Woman walking nude in Amman taken into police custody


Published: 2018-08-26 13:43

Last Updated: 2018-08-26 19:32

Editor: Arwad Khalifeh

The woman appeared to be suffering from a mental illness. (Flickr)
The woman appeared to be suffering from a mental illness. (Flickr)

A woman was taken into police custody on Saturday night after being spotted walking around naked in Amman.

Jordanian social media users shared a video of the unidentified Asian woman as she hurriedly walked down a main street in Abdoun - the highway located directly under Abdoun Bridge - without any clothes on.

A source told Roya that police officers were called to the scene by a number of concerned drivers. The officers covered the woman with a blanket before escorting her to the nearest police station.

A preliminary investigation into the case revealed that the woman was not aware of her actions at the time of the incident, the source said, adding that she will remain in police custody until more information about the nature of her mental illness comes to light.

What happened to this woman could happen to any of us, at any point in our lives. In fact, the World Health Organization (WHO) says that “one in four people will be affected by mental or neurological disorders at some point in their lives.”

Depression, bipolar affective disorder, schizophrenia and other psychoses, dementia, intellectual disabilities and developmental disorders including autism are all classified as a mental disorder. 

Contributing factors and determinants of mental health and mental disorders, according to WHO, include not only “individual attributes such as the ability to manage one's thoughts, emotions, behaviours and interactions with others, but also social, cultural, economic, political and environmental factors. Stress, genetics, nutrition, perinatal infections and exposure to environmental hazards are also contributing factors to mental disorders.”

The woman found nude in Abdoun could have been suffering from one of the disorders mentioned in this article. 

1. Mental breakdown

The term "nervous breakdown" - no longer used by mental health professionals - is sometimes used by people to describe a stressful situation in which they're temporarily unable to function normally in day-to-day life. It's commonly understood to occur when life's demands become physically and emotionally overwhelming.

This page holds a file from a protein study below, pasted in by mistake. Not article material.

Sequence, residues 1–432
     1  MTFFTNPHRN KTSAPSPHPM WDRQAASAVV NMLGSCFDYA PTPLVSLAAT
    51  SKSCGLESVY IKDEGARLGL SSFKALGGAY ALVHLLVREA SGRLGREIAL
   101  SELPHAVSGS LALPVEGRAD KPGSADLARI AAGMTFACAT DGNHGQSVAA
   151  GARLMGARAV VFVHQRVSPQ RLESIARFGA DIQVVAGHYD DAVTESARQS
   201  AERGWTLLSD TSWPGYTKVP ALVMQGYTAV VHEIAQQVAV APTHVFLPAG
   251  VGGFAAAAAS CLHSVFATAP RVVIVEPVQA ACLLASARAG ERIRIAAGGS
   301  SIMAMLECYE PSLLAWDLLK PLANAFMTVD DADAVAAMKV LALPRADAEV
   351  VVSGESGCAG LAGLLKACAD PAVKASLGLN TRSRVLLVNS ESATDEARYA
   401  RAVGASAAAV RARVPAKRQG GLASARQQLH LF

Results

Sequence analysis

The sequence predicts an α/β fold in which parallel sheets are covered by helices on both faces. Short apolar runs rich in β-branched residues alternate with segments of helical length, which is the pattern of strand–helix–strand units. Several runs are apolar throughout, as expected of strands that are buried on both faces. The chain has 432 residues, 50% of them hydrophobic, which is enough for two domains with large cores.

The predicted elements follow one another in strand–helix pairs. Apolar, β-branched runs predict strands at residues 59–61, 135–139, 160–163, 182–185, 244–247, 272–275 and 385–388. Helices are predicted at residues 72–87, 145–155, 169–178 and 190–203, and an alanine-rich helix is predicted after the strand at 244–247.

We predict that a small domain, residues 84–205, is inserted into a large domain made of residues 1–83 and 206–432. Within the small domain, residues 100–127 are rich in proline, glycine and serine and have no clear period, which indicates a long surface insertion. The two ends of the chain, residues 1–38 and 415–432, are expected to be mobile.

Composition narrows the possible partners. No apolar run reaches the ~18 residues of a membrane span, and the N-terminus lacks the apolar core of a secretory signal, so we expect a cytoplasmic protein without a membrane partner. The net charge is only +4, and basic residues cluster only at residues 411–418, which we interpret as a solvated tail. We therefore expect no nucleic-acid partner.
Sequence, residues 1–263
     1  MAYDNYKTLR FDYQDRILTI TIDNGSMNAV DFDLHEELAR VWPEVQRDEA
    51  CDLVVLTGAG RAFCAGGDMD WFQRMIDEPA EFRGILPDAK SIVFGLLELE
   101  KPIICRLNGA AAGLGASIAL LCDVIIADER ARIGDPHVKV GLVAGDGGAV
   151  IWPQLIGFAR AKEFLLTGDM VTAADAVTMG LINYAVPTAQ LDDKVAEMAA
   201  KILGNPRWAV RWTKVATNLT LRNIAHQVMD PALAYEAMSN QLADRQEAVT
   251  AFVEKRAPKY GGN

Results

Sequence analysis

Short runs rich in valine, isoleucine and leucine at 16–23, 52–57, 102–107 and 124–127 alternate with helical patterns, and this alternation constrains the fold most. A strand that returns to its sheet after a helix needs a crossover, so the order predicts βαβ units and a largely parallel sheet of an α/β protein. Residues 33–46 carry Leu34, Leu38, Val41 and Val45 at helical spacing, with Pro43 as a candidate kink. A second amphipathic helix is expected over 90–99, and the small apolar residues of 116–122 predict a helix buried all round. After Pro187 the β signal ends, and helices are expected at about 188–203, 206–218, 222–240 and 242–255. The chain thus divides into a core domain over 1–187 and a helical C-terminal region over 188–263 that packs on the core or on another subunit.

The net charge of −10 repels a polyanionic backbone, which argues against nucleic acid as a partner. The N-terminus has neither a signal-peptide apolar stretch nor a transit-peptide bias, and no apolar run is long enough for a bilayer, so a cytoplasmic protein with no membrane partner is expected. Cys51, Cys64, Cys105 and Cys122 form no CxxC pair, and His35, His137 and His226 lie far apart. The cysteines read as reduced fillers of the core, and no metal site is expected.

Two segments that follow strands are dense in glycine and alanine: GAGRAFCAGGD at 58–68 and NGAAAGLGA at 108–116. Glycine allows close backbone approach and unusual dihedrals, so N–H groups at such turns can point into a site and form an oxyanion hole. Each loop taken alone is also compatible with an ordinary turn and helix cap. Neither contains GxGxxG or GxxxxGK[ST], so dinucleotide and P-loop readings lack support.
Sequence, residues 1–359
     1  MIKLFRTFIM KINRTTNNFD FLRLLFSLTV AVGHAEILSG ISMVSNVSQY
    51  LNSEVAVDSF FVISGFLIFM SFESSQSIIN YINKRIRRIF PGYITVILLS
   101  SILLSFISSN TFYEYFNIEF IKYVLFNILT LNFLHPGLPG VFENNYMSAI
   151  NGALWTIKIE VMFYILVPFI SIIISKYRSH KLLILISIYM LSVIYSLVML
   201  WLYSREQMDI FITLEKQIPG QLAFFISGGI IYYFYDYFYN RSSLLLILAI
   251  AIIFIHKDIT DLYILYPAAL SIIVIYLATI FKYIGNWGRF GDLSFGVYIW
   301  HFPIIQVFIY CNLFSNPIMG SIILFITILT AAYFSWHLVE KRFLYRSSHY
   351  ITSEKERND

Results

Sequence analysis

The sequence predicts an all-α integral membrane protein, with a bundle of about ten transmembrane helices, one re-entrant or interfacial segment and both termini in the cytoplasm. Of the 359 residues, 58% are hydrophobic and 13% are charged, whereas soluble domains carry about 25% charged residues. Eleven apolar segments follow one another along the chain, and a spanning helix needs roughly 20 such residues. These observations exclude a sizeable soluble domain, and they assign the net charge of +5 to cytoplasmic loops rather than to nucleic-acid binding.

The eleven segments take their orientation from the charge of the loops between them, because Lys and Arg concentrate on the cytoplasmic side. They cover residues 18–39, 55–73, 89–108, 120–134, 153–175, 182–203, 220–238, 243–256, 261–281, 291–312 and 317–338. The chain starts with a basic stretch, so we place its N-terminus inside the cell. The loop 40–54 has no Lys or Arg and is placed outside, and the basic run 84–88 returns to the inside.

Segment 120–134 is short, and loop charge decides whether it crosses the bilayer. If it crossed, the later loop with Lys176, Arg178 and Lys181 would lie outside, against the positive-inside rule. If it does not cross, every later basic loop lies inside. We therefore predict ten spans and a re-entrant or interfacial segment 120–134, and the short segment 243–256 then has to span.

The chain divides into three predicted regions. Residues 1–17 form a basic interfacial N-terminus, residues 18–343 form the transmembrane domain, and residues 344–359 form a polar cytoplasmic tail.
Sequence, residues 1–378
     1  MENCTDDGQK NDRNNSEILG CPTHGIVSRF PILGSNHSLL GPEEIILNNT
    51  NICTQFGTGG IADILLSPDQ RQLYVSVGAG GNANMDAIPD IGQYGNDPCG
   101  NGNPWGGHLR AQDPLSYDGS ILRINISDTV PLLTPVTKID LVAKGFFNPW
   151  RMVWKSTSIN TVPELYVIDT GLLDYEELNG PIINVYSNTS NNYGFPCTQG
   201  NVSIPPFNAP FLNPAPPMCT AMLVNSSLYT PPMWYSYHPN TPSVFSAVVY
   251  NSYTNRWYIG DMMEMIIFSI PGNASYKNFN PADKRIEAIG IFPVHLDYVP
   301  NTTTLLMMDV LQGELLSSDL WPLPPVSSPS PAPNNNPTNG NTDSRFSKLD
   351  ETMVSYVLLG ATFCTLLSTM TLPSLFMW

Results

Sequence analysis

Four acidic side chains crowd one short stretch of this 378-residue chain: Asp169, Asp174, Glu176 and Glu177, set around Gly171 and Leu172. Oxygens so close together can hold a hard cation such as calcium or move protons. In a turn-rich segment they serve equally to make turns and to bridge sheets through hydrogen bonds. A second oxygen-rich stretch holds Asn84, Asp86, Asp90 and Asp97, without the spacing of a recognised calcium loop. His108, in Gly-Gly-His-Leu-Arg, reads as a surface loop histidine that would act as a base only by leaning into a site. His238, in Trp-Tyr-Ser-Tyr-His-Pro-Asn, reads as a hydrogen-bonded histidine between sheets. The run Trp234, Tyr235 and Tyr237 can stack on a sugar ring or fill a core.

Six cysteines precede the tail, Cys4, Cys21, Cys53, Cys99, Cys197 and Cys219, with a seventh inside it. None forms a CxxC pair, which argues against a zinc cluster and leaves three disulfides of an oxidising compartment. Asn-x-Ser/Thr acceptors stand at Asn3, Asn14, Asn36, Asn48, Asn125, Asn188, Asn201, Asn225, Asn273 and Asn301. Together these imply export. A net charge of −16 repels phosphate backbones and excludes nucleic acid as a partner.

Signs of a so-called nervous breakdown vary from person to person and depend on the underlying cause.

Generally, it's understood to mean that a person is no longer able to function normally. For example, he or she may:

- Call in sick to work for days or longer
- Avoid social engagements and miss appointments
- Have trouble following healthy patterns of eating, sleeping and hygiene

A number of other unusual or dysfunctional behaviors may be considered signs and symptoms of a nervous breakdown. (Mayo Clinic)


2. Schizophrenia

Schizophrenia is a serious mental disorder in which people interpret reality abnormally. Schizophrenia may result in some combination of hallucinations, delusions, and extremely disordered thinking and behavior that impairs daily functioning, and can be disabling. Signs and symptoms may vary, but usually involve delusions, hallucinations or disorganized speech, and reflect an impaired ability to function. (Mayo Clinic)

3. Exhibitionism

Exhibitionistic disorder is a condition marked by the urge, fantasy, or behavior of exposing one’s genitals to non-consenting people, particularly strangers. This condition falls under the psychiatric category of paraphilic disorders, which refer to persistent and intense atypical sexual arousal patterns that are accompanied by clinically significant distress or impairment.


A diagnosis of exhibitionistic disorder can be made if the following criteria are met:

- Over a period of at least six months, a person has recurrent and intense sexually arousing fantasies, behaviors, or urges involving exposing the genitals to an unsuspecting person
- The person has acted on these sexual urges with a non-consenting person, or the urges or fantasies cause marked distress or interpersonal difficulty in the workplace or in everyday social situations.

Risk factors for the development of exhibitionistic disorder in males include antisocial personality disorder, alcohol abuse, and an interest in pedophilia. Other factors that may be associated with exhibitionism include sexual and emotional abuse during childhood and sexual preoccupation in childhood. (Psychology Today)